For a heartier option, try a roasted Pork Tenderloin with Apple & Onion Pan Sauce, Spiced Baked Ham, or Sage & Roasted Squash Risotto. These dishes are rich and flavorful enough to stand up to the bold spices in mulled wine or cider.
If you’re looking for a sweet option and want to pair mulled wine or cider with dessert, classic holiday recipes have some of the same warm spices and will taste delicious with mulled drinks. Try Pfeffernusse Cookies or Holiday Fruitcake. If you want something a little less traditional, make Danish Apple Squares, Sangria Celebration Cake, or double up on the mulling spice flavor and serve Mulling Spiced Panna Cotta with Caramelized Apples.
What Are Recipes With Mulling Spices?
Mulled cider and mulled wine are well-known and classics for a reason. But don’t think that mulling spices are only used for those two beverages. This combination of spices can flavor other drinks and sauces and is also excellent in desserts or jams. See how you can utilize the spices to their full potential with some of the recipes below.
Mulling Spices for cider
- Mulled Apple Cider - Fresh apple cider and mulled spices are the perfect pairing. Do yourself a favor and double the recipe, as both the adults and kids will want seconds of this tasty drink.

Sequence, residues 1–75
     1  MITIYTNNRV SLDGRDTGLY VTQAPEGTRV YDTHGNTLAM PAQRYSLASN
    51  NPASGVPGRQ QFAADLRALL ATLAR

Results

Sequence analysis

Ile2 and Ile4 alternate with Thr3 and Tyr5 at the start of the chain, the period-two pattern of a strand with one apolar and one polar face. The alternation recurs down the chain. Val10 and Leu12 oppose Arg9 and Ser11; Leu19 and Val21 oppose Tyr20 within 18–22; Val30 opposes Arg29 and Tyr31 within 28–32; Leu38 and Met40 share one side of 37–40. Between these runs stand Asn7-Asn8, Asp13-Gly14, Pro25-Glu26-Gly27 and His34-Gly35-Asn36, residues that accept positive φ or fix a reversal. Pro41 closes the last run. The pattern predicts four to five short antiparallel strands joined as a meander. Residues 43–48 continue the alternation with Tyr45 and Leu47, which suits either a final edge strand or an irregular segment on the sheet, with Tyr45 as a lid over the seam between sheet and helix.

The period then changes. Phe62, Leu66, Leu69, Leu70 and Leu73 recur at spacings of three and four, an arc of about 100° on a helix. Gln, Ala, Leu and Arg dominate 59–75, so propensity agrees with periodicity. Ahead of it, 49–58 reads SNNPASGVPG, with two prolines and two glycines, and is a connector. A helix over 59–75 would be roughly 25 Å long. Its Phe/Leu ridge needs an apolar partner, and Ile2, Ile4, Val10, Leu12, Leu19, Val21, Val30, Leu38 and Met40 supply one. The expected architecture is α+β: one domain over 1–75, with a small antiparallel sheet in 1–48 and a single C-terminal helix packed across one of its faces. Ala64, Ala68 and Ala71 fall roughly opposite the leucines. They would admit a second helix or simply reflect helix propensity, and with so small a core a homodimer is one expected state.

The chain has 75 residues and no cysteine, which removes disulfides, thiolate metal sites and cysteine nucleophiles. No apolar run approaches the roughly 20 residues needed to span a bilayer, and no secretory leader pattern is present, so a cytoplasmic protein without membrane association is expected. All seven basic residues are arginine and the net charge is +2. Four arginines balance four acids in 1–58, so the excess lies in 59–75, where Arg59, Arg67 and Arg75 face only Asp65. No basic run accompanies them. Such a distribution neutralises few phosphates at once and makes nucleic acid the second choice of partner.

- Wassail - This is a 21st century version of a traditional drink, think of it as holiday punch for a crowd. For the adult crowd, you can fortify this punch with brandy, madeira, or rum.
- Spiced Iced Cider - Don’t let your mulling spices go to waste in the hot weather! Transform the cold weather drink into a refreshing summer beverage with this simple recipe.
Mulling Spices for wine & cocktails
- Mulled Wine - As soon as that crisp air returns, you know it’s time to make a batch of mulled wine. Use a simple red table wine for an excellent base.
- Mulled Wine Black Onyx Chocolate Sauce - Take chocolate to the next level with the addition of spices. Serve drizzled over ice cream or as a dip for strawberries.
- Spice-Infused Whisky - If cider or wine isn’t your cup of tea, try this instead. The mulling spices complement the deep, smoky flavor of the whiskey to make an excellent cocktail.
- Mulled Vanilla Brandied Cherries - Infusing sweet-spiced flavor into cocktail cherries turns this garnish into the star of the show. Bet you can’t have just one!
Other Mulling Spices recipes
- Spiced Vanilla Tomato Jam - Trust us on this one. The unusual combo of vanilla, tomatoes, and jam somehow work together to make a condiment that is excellent on savory dishes like pork, gourmet grilled cheese, or on a breakfast sandwich.
- Mulled Marmalade - Highlight the citrus notes in mulling spices by adding them to a batch of orange marmalade. The jam is excellent on toast or swirled into yogurt.
- Mulled Cranberry Sauce - With this recipe, cranberry sauce goes from an afterthought to a must-have. With the addition of mulling spices, this flavorful side can pull double duty as a turkey sandwich spread or on a charcuterie board as well.